About a week has gone by since I published “Foot in the Door.” I intended to write a new post last week but there was so much marketing to do that I felt overwhelmed. This online oversaturated world we live in has forced us all to become marketers. We must shout from the digital rooftops in order to be heard above the din. That is usually a necessity for marketing your product, unfortunately.

Selling things has never been my strong suit, in fact I would say it is one of my biggest weaknesses. The only way I have gotten better at it is through slow and painstaking practice. Though I have had a Twitter account for years, I find it difficult to post every day and come up with witty retorts. My biggest successes in the past have always been when I took advantage of a young service or platform and been one of the early adopters.

When the Amazon KDP service was still young and most people thought self-publishing was a terrible idea, I uploaded a few of my short stories for free on the platform. Because there were so few items like that available at the time I received a tremendous number of downloads.

With this book I knew that wasn’t going to be an option. I wanted to work on building a list of subscribers for a newsletter. One where I could share the interesting creative coding content I come across every week. My research indicated that solo-preneurs benefit greatly from having their own email newsletter. Sadly, I had been putting it off for a while.

I also noticed providing free content in a landing page/email subscription being a common strategy across the web. I wanted this book to be accessible to anyone who wanted to learn to code. However, I felt that it would be counterintuitive and unproductive to charge people. Especially because the book is still quite short. I also knew from my past experience that my distribution would be reduced if I charged people for the book.

Though my main lane of distribution would be through my newsletter landing page, I decided a week after launch that it wouldn’t hurt to make a paperback version of my book available through the Amazon store. After all, I could order author copies and organize giveaways. Not to mention, Amazon had far wider reach than me. Might also grow my audience.

Being involved with the Women Make community was immensely helpful. The community helped to support each other during the month long “Just F*cking Ship It” Challenge. It also helped that I had already written a portion of the book a year prior, but lacked the motivation to finish it. Since my marketing skills are less than stellar, having my book included in the final product page when the challenge was over also acted like extra free promotion.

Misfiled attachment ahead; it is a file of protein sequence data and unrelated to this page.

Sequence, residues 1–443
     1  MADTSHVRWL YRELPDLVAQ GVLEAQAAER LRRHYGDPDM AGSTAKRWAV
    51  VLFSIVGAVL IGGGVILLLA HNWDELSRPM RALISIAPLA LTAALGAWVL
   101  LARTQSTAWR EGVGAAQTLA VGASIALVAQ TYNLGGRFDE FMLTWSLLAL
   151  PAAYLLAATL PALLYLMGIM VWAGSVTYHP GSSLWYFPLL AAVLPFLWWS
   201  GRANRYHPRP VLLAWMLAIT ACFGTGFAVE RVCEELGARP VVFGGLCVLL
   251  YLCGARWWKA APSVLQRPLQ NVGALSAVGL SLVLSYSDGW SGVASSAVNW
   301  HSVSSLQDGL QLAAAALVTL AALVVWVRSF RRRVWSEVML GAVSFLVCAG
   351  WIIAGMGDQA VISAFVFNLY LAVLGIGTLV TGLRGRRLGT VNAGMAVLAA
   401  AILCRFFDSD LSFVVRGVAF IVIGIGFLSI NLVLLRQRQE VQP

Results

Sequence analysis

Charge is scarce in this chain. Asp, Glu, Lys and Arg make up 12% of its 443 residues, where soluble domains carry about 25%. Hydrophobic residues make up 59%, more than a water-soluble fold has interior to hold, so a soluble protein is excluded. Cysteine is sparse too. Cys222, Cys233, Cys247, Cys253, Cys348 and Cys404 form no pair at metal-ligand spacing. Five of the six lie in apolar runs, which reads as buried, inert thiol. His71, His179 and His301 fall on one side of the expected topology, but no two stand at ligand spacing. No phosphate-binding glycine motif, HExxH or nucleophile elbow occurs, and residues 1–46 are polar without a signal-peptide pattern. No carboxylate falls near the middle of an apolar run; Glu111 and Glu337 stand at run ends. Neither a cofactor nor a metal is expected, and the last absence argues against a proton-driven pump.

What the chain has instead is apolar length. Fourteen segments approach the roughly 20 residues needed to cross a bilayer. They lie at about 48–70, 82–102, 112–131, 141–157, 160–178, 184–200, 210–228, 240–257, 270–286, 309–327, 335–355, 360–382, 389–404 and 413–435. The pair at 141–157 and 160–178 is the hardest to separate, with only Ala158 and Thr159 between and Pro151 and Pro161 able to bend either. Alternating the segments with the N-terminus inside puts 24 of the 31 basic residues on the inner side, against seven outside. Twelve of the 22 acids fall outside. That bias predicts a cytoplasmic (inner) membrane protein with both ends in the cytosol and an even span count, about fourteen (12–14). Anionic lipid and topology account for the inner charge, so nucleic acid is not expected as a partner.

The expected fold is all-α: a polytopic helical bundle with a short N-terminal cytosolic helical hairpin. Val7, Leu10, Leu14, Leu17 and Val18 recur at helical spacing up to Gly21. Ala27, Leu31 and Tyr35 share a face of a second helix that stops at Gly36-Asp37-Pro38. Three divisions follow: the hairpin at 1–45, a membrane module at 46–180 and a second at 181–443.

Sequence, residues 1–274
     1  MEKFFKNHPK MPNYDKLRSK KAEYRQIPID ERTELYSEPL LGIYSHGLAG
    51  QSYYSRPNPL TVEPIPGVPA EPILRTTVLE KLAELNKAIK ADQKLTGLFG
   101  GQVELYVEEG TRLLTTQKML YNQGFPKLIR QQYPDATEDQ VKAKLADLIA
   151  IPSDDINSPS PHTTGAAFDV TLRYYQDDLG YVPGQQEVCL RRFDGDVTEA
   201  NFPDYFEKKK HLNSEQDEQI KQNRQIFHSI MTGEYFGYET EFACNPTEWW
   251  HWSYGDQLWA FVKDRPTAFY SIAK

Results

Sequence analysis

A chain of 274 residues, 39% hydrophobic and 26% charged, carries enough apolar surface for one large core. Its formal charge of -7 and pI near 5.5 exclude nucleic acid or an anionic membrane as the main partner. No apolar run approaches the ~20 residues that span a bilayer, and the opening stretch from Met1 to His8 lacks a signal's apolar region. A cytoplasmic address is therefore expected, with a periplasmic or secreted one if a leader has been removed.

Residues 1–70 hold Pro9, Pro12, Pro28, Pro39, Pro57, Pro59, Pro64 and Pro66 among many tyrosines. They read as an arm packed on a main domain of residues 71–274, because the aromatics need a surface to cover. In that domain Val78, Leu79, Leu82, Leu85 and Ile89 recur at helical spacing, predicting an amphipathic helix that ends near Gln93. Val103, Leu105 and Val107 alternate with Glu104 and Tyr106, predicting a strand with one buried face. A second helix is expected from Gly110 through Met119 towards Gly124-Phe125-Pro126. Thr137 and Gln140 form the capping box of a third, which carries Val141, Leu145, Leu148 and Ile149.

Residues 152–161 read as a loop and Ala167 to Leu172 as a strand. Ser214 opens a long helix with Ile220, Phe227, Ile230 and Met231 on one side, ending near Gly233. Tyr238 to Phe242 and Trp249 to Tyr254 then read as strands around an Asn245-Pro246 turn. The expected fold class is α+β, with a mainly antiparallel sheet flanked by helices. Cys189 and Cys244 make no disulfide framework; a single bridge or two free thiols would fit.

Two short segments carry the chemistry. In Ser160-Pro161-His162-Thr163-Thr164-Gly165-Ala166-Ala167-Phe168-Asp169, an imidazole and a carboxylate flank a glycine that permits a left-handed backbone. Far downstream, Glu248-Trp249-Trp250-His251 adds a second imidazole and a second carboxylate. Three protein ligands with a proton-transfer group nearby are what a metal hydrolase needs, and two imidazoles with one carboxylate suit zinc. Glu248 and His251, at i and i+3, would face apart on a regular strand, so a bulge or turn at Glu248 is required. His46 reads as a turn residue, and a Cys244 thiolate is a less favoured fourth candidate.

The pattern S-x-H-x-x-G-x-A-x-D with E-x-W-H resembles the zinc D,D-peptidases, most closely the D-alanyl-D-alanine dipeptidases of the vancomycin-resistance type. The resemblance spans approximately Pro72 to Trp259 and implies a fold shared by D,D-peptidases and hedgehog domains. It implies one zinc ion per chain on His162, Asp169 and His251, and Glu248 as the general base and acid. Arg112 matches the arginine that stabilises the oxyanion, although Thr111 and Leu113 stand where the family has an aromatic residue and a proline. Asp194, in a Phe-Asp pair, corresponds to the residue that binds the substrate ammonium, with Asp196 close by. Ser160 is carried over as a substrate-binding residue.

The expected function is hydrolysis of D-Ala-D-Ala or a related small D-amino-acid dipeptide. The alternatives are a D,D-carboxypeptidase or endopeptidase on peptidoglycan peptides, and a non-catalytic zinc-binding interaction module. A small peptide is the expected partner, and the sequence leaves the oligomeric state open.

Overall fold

A screenshot from the Just F*cking Ship It Challenge Product Feature Page

Another way I shared my book was on Facebook groups. I found relevant groups related to software engineers, learning to code, and women in tech. I wrote a paragraph about the book and shared the link. Then I made sure to tweak that paragraph of text. If it was a group for self-taught programmers, I made sure to mention I was self taught.

There are also several blogging platforms I re-post to, including Dev.to, Medium, and (more recently) Gamasutra. On Medium there are publications like “Code Like a Girl” that I submit to in order to extend my reach. These can be a toss up in terms of how much of the audience ever clicks the link back to my blog and discovers my free book.

Finally I made my first Product Hunt page, which was probably the most nerve wracking part of my marketing process. I love to browse Product Hunt and see all the curious, strange, wacky, and actually really useful and interesting applications makers launch on the platform.

The Product Hunt homepage

I did not end up getting featured on Product Hunt that day. But, I did get more upvotes than I was expecting and even a few followers. Also, Product Hunt gets a lot more visitors per day than my blog. So it’s still a great way to bring more subscribers and have another permanent backlink to book. There is also a search feature on Product Hunt. That means if people are searching for books about learning to code or breaking into the tech industry, they might very well come across mine.

So now for some stats! I believe in sharing data with other makers because that is how we all grow. So far I have 284 subscribers, a number I’m pretty happy with. That’s just 2 weeks after the release of my book. Of those 284, 54% have actually opened and clicked to download my book. I’m less happy with that number. However, I imagine because of filters and robots thats closer to the number of real people wanting to read my book.

A screenshot of my landing page performance from Mailchimp

I’m hoping to raise that number to 500 within the next month. Going to keep posting on social media regularly. Although Facebook gets the most clickbacks, I also share on LinkedIn, Twitter, and even Pinterest. I think so far I underestimated LinkedIn the most. I am happy I decided to give that platform a try.

Hopefully this data will help you as you work on marketing your own product. As makers I believe we should support each other. If you have something interesting to share that you are working on, you should post it in the comments! I look forward to hearing about it. If you want to keep up with what I’m doing, you can follow me on Twitter now @nadyaprimak. If you’re interested in learning more about my book, you can check out an excerpt here.